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This photograph is from Film Noir, the newest iteration of Armstrong’s Infinity series, an ongoing project that he has worked on for more than fifteen years. The work revisits the classic film-noir themes of loneliness, alienation, and the existentialist dilemma with the lush, saturated colors the artist is known for. Solitary figures contemplating the unknown reference the ethical and philosophical dilemmas laid out in the stories and films of the 1940s and ’50s.

As Armstrong notes in an interview about this series, “I’m always trying to bite into the big themes: death, love, redemption, freedom, spirituality. I don’t have the exact quote, but artist Jack Pierson once said something like, ‘If it’s not about lonely, it’s not art.’ Even though that’s apocryphal, I think the fact that we are alone is a major theme today, as much as faith and hope were in the Renaissance, or mortality was to the Romans. In a way I see all these themes as asking the same question. What is the meaning of it all? Does it matter what we do?”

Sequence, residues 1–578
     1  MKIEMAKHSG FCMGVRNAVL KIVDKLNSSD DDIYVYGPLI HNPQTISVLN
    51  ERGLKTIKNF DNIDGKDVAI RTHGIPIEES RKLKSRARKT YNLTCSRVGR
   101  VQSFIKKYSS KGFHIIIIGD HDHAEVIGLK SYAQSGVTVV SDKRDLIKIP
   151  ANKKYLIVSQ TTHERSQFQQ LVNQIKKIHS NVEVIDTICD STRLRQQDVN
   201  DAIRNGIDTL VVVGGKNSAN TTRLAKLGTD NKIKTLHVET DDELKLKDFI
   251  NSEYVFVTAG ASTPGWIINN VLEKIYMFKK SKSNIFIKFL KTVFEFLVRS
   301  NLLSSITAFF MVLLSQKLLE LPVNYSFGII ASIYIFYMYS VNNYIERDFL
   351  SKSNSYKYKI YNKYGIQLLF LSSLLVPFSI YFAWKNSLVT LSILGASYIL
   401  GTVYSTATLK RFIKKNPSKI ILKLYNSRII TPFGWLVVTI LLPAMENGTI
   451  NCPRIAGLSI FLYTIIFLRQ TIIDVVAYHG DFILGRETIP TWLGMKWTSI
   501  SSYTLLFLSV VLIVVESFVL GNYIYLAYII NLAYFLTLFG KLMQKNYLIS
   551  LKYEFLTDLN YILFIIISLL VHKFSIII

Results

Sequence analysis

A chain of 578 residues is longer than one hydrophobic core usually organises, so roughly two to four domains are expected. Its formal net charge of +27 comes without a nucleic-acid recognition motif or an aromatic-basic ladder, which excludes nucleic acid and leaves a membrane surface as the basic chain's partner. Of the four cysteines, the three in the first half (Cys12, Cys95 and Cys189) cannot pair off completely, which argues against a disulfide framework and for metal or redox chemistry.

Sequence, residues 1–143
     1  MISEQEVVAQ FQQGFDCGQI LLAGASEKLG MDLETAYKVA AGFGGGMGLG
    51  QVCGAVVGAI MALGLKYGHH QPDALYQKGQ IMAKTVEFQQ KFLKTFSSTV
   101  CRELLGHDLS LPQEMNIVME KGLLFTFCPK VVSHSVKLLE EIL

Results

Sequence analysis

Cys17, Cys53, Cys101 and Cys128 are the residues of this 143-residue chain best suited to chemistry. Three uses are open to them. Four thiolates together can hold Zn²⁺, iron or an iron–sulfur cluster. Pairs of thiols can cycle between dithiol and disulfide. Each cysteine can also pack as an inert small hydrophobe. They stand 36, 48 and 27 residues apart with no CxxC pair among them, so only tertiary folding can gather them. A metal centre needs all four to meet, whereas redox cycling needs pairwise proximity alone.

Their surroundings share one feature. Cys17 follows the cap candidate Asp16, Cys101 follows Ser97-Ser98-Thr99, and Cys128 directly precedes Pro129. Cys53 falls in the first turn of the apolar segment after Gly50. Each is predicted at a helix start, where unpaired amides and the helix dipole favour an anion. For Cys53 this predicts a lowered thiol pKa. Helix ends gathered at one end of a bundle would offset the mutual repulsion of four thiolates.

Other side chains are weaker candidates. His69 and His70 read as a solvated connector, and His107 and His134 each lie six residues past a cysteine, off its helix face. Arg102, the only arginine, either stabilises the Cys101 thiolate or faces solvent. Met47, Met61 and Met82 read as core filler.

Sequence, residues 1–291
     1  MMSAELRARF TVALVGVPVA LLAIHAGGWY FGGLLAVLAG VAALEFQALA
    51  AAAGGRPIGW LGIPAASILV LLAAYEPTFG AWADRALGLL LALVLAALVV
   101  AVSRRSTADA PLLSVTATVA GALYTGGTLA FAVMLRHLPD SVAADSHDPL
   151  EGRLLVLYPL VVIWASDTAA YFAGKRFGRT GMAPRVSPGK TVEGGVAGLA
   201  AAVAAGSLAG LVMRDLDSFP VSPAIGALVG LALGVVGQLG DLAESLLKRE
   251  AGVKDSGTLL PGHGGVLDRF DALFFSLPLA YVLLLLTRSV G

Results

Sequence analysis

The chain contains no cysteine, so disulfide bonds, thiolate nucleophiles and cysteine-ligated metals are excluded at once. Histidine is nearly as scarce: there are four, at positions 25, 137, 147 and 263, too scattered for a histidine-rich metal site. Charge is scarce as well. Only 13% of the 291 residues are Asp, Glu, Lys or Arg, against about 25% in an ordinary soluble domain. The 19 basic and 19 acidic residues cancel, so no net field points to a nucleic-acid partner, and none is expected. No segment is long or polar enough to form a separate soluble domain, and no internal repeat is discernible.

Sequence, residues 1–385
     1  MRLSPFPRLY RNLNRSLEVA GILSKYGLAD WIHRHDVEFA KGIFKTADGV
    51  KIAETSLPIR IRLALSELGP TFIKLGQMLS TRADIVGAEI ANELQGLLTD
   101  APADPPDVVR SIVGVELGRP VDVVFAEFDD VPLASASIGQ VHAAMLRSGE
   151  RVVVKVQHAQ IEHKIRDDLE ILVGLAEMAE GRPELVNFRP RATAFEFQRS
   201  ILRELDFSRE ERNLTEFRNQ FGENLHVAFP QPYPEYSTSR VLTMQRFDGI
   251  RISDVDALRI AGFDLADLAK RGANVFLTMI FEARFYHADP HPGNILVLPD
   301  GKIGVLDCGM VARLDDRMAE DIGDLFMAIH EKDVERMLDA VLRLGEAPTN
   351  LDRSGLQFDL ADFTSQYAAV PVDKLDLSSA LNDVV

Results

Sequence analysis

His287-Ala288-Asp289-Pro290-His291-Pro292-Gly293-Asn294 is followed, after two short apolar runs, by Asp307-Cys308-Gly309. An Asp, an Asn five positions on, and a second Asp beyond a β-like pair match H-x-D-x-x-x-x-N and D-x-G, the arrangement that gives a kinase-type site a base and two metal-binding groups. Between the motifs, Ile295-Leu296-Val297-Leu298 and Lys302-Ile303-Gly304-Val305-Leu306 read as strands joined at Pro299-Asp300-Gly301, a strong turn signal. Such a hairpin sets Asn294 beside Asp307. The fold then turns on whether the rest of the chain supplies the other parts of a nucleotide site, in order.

To make these works, Armstrong photographs handmade collages of printed source material with his camera’s focus ring set to infinity. He continues: “In many ways my work is about perception, how we try to resolve images but can’t, and how in that moment of confusion, when we are unsure of what we are seeing, the rational mind is derailed and we are freed to respond on a more subconscious level.”

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